The spike in fatalities at California’s Santa Anita racetrack, where more than 30 racehorses experienced life-ending catastrophic injuries in less than 6 months, shows the fragility of horse racing’s social license to operate, according to researchers.
A social license to operate is the public or broad “social” acceptance which grants permission, or a “license”, to an organization to undertake its activity.
In their recently published review, researchers examined Thoroughbred racehorse welfare through the lens of its social license to operate, focusing on the US perspective.
Camie Heleski and her colleagues, writing in the journal Sustainability, explored whether Thoroughbred horse racing is sustainable in the context of current social values.
They note that multiple surveys of the general public, the horse-owning public, and university students show common elements of concern around Thoroughbred racing.
These include concerns about catastrophic injuries, particularly relating to track surfaces; concern over the racing of two-year-olds; whip use by jockeys; drug and medication policies; and aftercare opportunities for retired Thoroughbreds.
“Legitimacy of an industry, consent from industry stakeholders, and trust between the community players, are all essential to have and maintain a social license to operate,” the review team said.
They note that a dramatic change has occurred in commentary related to racehorse welfare concerns in the modern era. This has been due to 24/7 global media access and the proliferation of social media platforms that provide an interactive medium for all interested parties.
“As with many issues, perception is often equated with reality, and horse racing’s tenuous social license to operate should, perhaps, be seen as the new normal.
“Even for those not using the terminology of ‘social license to operate’, it is clear the industry needs to pay attention to its importance and determine the best way to maintain it and foster it.”
They say that scientific research will continue to play a role in resolving racing’s issues.
“Scientific research can also inform the industry’s progress on rebuilding/maintaining its social license to operate.
“Finally, where science shows the industry can do better, it must; where science shows that the industry is doing the right thing, better communication is needed.
“This includes a concerted effort to share information in a way and through a platform that casual fans can access and understand.”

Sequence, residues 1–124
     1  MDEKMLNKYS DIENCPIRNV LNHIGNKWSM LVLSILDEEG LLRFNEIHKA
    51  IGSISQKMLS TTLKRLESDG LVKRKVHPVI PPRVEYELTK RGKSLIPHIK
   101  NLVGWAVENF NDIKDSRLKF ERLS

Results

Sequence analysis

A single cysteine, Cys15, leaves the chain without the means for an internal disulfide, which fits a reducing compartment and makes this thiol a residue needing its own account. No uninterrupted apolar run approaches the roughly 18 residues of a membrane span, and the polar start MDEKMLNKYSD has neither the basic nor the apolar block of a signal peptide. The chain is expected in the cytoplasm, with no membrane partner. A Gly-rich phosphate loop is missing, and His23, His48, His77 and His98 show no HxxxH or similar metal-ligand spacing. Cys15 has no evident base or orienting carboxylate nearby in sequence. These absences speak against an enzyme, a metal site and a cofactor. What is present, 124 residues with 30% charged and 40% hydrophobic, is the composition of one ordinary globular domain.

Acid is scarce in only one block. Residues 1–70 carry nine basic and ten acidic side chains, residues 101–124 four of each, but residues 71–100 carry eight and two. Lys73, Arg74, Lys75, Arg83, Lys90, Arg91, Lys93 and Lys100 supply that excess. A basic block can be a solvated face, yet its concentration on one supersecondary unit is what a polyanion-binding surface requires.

The authors suggest that 2019 will likely go down in history as a “tipping point” in the world of horse racing.
On fatal injuries, the authors said: “While these numbers may be seen by some as ‘the price of doing business’ in a highly demanding, highly athletic equine sport, others recognize that the industry needs to strive harder to achieve as close to zero catastrophic breakdowns as possible.”
They said the racing industry had struggled in 2019 to come together to present a unified front during a time of increased public scrutiny.
“However, it is notable that attempts at accountability and transparency have been enhanced beyond previous years.
“Though many relevant stakeholder groups may not be using the term ‘social license to operate,’ it appears obvious this concept is in their thought paradigms and their actions.
“In March of 2019, The Jockey Club prepared their Vision 2025 document titled, To Prosper, Horse Racing Needs Comprehensive Reform.
Two notable matters were raised: the advancement of the Horseracing Integrity Act, which sets out to establish a uniform, national standard to prohibit doping under the umbrella of an independent body; and the establishment of the Thoroughbred Safety Coalition, which has proposed to combine the resolve, expertise and resources to collectively implement enhanced safety measures.
“Representing over 84% of the American graded stakes races, prominent race tracks and racing groups across North America have come together in this coalition endeavor.
“Though still contentious, there is a substantial amount of support for a national governing body and the Horseracing Integrity Act of 2019.
“Furthermore, there is considerable support to move the reforms that California racing made during 2019 to many of the other tracks in North America.”
Horse racing in North America is at a critical crossroads, according to the authors.
“Stakeholders have their work cut out for them to maintain sustainability of this longstanding equine sport.
“As one industry participant says, ‘This is not the time to be patting ourselves on the back. It is the time to take stock, admit we have a problem, adopt zero tolerance towards anything, anything that can impact safety in any way’.”
The full review team comprised Heleski, Jill Stowe, Julie Fiedler, Michael Peterson, Colleen Brady,
Carissa Wickens and James MacLeod, variously affiliated with the University of Kentucky, Central Queensland University in Australia, Purdue University in Indiana, and the University of Florida.
Heleski, C.; Stowe, C.J.; Fiedler, J.; Peterson, M.L.; Brady, C.; Wickens, C.; MacLeod, J.N. Thoroughbred Racehorse Welfare through the Lens of ‘Social License to Operate—With an Emphasis on a U.S. Perspective. Sustainability 2020, 12, 1706.